Robert Earl Keen – Straight outta Bandera
In pondering the uniqueness of Robert Earl Keen, let’s compare him with his fellow Texan Lyle Lovett. College buddies and fellow Aggies, the two co-wrote “The Front Porch Song”, which each recorded early in their careers. They shared a circle of formative acquaintance and influence on the Houston/Austin axis, one that encompassed the likes of Nanci Griffith and Eric Taylor while idolizing Townes Van Zandt and Guy Clark. They share a deadpan sense of humor and a polite manner toward strangers. They share vocal harmonies on the chorus of “That Buckin’ Song” from Keen’s new album Walking Distance — one of the goofier songs Keen has ever penned, allowing him to indulge in all sorts of “motherbuckin'” wordplay.
In terms of concert atmosphere, however, Lovett and Keen are about as much alike as a chamber recital and all-star wrestling, or chardonnay and Shiner Bock. The sensibility gap between Lovett’s crowd and Keen’s is almost as wide as the generation gap.
“Lyle came to about three shows last year and just freaked out. He said, ‘Man what’s the deal? Those people are really young!'” recalled Keen with a laugh as we spent a sunny afternoon in his office in downtown Bandera. It’s a couple hours of gorgeous Hill Country drive southwest of Austin, a cowboy hamlet where there are more bars than churches and more guitars than anything resembling industry. The sign on the one-story stone building reads W. Preston Gray, Real Estate Etc. Gray is Keen’s father-in-law and Keen is the “Etc.,” though, to hear him tell it, the building is a whole lot busier with Keen’s booming business than real-estate business.
Anyway, back to Lyle: “I mean, his audience is like our age (in other words, fortysomethings), and a lot of them are sophisticated and have a lot of money and love music and all that stuff, but it’s not the gutbucket of America coming to his shows,” continued Keen. “Shoot, I don’t think anybody gets drunk at one of his shows.”
At Keen’s shows, it seems, everybody gets drunk, or puts on a pretty good act to that effect. It started as something of an Aggie phenomenon, with frat boys and alumni from Texas A&M turning Keen’s concerts into a raucous revel of political incorrectness, hooting along at the treachery of “The Road Goes On Forever”, cheering the bloodshed of “Whenever Kindness Fails”, sharing the singalong tenderness of “It’s The Little Things” (“that piss me off”), hungering for “Barbecue”.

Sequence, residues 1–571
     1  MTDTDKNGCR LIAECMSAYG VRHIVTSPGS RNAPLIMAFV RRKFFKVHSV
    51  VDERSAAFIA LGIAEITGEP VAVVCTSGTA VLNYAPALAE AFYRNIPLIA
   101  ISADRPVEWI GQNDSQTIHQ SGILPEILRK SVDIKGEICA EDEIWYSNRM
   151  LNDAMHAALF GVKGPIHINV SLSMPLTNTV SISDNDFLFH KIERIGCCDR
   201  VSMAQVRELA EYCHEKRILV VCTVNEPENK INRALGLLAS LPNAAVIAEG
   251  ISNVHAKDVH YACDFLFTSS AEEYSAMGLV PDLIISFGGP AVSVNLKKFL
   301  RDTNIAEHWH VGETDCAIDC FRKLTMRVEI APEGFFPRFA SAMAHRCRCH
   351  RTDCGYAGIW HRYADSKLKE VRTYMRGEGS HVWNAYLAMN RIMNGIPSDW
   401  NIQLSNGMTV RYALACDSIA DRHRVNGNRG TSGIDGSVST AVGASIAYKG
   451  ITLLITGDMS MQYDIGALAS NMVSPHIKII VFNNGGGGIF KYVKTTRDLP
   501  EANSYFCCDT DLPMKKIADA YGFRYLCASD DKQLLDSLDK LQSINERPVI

Initially, Keen’s yahoo effect seemed like a Texas phenomenon, but he has since proven capable of bringing out the Aggie in the rest of America as well. There’s a ritual at some of the more boisterous Keen performances: A bunch of guys keep ordering rounds of beer until their table is filled with empty longnecks. Then they tip the table, sending the empties crashing to the floor, and start filling it all over again.
“We sell more beer at our shows than anybody else does anywhere,” said Keen, the pride in his voice mixed with just the slightest twinge of remorse. “Oh, man, it’s just nuts. We go to places and they sell out of beer. It’s just like, let’s go get drunk and watch Robert Earl Keen. What we’re bringing to the party is this party atmosphere, and there are quite a few references to being drunk and disorderly in my songs, so I guess that’s where they get that. Probably the number-one remark I get in fan mail or from people talking to me after shows is, ‘My buddies and I like to get really drunk and sit around and play your songs.’ It’s always, ‘really drunk.’ Whatever. I’m glad.”
If he doesn’t sound glad, or at least not unconditionally so, it’s because Keen takes both his writing and his career very seriously. Whatever happy-go-lucky response he elicits, there’s a lot more to his music than the “party hearty” atmosphere his concerts evoke. After all those years of scuffling to the point where he practically gave up, he isn’t about to resist the embrace of an audience — any audience — yet he’s capable of a lot more range and subtlety then one might ever suspect from his shows. He has seen what happened with Jerry Jeff Walker, who also once fancied himself a serious songwriter, before allowing himself to become a caricature to his audience, and then its prisoner.
“It certainly is something that I worry about,” said Keen. “If I have one true gift, it’s actually writing narrative rhyming poetry. I’m not any good at prose, I’m not a great philosophical sort of writer, but I write really good narrative poetry. And some of it is serious. If I’m just known for the Christmas stuff [‘Merry Christmas From The Family’ and the new album’s boozy sequel, ‘Happy Holidays, Y’all’] and ‘The Road Goes On Forever’ and ‘The Five Pound Bass’, that’s a mighty small place to live in as far as where I want to live as a writer.”
Thus, his albums claim a more expansive piece of artistic territory, as titles such as A Bigger Piece Of Sky and Walking Distance suggest. The new album is both Keen’s most organic and one of his more thoughtfully ambitious, a thematic song cycle inspired by his life in Bandera, concluding with a mini-suite that he says was sparked by Willie Nelson’s Phases And Stages. As such, the album represents a turnabout from last year’s Picnic, in which Keen avoided any stereotypical Texas reference in his bid for a wider audience.